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StuG III Thread (and also other German vehicles I guess)


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5 hours ago, delete013 said:

Did he? Where?

So what was it? Doubling claims or not counting at all? So what were the kill rings for? Days without food?

 

Even if you discard post-war writing and propaganda stories you are still left with claims from combat reports. Those have nothing to do with propaganda or myth making and are dead serious stuff. Those claims align quite nicely with actual loss numbers in the east, adjusted for repaired tanks and with a variance of occasional double counting or non reported kills. They also align surprisingly well with British losses in Normandy.

 

Anw, to my knowledge, kill claims were not institutionalised, as were in the air force and started as cumulative sums of stug battalions. They varied from unit to unit, some counting, some not. But the hobby was spread among dedicated tank killers, i.e. heavy tank battalions and panzerjägers.

 

None of this is 100% reliable but there is no indication that these numbers were invented. Propaganda ministry, like in other countries, sought over-performers and made emboldened story around them, rounding up their kills or pinning platoon kills on one commander. Beyond that bling there were still top soldiers.


Have you ever bothered to read or watch any interview with Otto Carius? He's very candid about the fact that German kill claims and awards were complete BS. And yet, for some reason, when it comes to this people don't want to believe him. I wonder why.

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I occasionally play this mental game where I imagine describing, let's call it the Schwer-mittel panzerkampfwagen 44 "Cougar", to the typical wehraboo.   "It had a low profile, only 10cm tal

from physical version of Mittler Report issue on KF41 Lynx (low-res scans are posted on htka.hu forum)   So, I've made couple of comparisons, to the best of my ability

Maybe me knowledge will suffice as well.   This is the VT-001 (Versuchsträger) prototype of the Marder 2 vehicle. With the introduction of the Leopard 2 there was a need for a new IFV t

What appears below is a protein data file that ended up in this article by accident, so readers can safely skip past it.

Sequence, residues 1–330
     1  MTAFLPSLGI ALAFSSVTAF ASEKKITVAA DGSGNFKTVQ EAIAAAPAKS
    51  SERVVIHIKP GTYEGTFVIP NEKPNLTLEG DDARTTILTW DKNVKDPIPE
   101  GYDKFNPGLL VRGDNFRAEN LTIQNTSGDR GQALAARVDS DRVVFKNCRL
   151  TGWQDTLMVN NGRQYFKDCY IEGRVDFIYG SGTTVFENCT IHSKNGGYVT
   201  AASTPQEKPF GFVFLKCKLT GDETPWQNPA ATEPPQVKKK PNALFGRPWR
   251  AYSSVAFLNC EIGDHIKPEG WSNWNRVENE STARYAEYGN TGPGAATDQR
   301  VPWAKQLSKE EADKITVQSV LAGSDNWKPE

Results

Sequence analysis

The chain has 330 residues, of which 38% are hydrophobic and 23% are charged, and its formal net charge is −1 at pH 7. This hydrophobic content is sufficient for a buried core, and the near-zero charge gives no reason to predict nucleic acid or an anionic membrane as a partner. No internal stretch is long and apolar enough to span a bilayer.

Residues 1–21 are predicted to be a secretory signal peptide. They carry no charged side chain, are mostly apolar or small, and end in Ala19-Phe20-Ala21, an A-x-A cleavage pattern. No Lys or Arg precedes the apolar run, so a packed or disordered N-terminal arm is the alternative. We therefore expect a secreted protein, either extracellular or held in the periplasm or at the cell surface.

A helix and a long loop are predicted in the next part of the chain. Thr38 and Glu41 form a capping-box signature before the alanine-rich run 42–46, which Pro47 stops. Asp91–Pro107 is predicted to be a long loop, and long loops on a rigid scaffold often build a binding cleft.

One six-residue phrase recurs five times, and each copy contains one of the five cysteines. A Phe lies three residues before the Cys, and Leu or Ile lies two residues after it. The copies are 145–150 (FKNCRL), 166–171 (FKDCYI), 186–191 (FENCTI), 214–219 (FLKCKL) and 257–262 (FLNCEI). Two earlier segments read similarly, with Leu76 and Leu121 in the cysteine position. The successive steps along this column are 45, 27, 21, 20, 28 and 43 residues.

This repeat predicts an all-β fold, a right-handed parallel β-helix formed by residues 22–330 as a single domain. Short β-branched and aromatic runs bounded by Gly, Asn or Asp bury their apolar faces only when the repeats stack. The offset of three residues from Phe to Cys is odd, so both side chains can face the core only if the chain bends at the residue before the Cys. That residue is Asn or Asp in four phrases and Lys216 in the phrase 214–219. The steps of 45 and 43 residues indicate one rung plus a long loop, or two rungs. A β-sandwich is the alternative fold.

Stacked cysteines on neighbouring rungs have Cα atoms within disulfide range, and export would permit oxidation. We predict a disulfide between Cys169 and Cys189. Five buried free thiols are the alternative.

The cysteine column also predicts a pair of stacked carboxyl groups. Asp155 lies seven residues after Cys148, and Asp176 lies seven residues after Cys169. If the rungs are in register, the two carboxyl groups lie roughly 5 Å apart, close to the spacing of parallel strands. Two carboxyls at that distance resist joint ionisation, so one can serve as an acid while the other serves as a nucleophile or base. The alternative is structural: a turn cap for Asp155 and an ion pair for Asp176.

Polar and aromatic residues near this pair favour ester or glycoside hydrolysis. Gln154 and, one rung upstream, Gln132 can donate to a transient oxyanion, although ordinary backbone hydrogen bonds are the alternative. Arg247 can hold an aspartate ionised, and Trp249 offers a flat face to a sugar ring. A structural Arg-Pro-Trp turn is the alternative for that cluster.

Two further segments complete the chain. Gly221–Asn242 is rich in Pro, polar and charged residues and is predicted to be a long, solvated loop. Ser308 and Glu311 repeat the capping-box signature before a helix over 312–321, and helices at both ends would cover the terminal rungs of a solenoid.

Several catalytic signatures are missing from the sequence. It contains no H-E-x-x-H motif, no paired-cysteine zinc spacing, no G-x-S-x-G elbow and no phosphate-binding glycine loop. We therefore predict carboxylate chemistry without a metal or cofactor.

On 2/26/2021 at 12:56 AM, delete013 said:

Who had better mobility, panther or pershing?

 

What had better mobility Panther or Pershing over a month of steady use.  

 

Probably the Pershing in both cases, because American Vehicles don't break in catastrophic ways that take a long time to fix.

 

You can swap a whole M26 power pack in a few hours. That's a day at least on a Panther, since the hull roof and a bunch of road wheels have to come off to pull the Panthers Final Drives and Tranny. The engine wasn't super easy either. 

 

Pershing was 12.8 psi versus Panther G 12.65. Close enough to be negligible.  Pershing was running 450 HP for 46 tons. The Panther had between 500 and 600, (no one lists what the governed rating was) for 44 tons. It only made its 700 HP rating when it could be spun to 3000RPM, but it was governed to 2500 RPM. Call it 550, giving the Panther the edge on paper, but I just read through Panther Wank, the quest for Combat supremacy by Jentz, and the whole book is a listing off all the shit that was wrong with these tanks and how they kind of a fixed them, but never really did.  They Never fixed the HL230 of blowing head gaskets and throwing rods. Though, the horrible cooling system could have aggravated this, overheating blows head gaskets. 

 

After reading through the Jentz book, reliability goes to the Pershing.  Pershing, a History of the T20 series documents far LESS problems than the Panther.  

 

Final Note, I had not looked through the Boo Bibles for years, and having read so many Hunnicutt books, I'm spoiled. They are just so much better than this Jentz and Spielburger garbage. They couldn't be bothered to put spec sheets in for the models. Trash, utter trash, but the pictures are nice.  

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10 hours ago, delete013 said:

Actually I don't. If there is smth that German officers indeed did lie quite reliably is war crimes. Or better, tried to hide them. They were ashamed of them.

 

They were ashamed they got caught, or that they lost. These were not good honorable people. They fought a dreadful war of Genocide against the Soviet Union(and we all know about the 6 million Jews and another 4 to 5 millions other civilians in Europe they murdered), and they all knew what was going on in the camps. It's really sad to see someone white knighting about their honor.  You really think these people are going to be honest about the things they did? No, they wanted fools like you to think they were just honorable men forced to fight for a Maniac. That's bullshit, the good Germans died in the camps after resisting, you know there were resistors right? 

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19 hours ago, delete013 said: